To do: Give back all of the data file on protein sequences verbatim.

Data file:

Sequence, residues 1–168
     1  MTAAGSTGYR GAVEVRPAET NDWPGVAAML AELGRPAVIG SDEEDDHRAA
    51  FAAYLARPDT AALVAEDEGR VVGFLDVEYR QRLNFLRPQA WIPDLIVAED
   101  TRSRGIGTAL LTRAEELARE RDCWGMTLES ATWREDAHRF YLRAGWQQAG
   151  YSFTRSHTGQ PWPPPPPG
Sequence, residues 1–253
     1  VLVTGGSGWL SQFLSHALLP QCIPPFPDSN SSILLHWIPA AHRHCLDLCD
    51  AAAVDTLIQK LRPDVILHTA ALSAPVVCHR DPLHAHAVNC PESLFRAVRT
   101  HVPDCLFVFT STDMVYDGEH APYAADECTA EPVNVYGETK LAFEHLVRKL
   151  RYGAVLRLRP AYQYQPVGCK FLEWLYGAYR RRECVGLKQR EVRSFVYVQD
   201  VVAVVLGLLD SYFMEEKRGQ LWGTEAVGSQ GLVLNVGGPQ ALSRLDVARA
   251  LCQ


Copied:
Sequence, residues 1–168
     1  MTAAGSTGYR GAVEVRPAET NDWPGVAAML AELGRPAVIG SDEEDDHRAA
    51  FAAYLARPDT AALVAEDEGR VVGFLDVEYR QRLNFLRPQA WIPDLIVAED
   101  TRSRGIGTAL LTRAEELARE RDCWGMTLES ATWREDAHRF YLRAGWQQAG
   151  YSFTRSHTGQ PWPPPPPG
Sequence, residues 1–253
     1  VLVTGGSGWL SQFLSHALLP QCIPPFPDSN SSILLHWIPA AHRHCLDLCD
    51  AAAVDTLIQK LRPDVILHTA ALSAPVVCHR DPLHAHAVNC PESLFRAVRT
   101  HVPDCLFVFT STDMVYDGEH APYAADECTA EPVNVYGETK LAFEHLVRKL
   151  RYGAVLRLRP AYQYQPVGCK FLEWLYGAYR RRECVGLKQR EVRSFVYVQD
   201  VVAVVLGLLD SYFMEEKRGQ LWGTEAVGSQ GLVLNVGGPQ ALSRLDVARA
   251  LCQ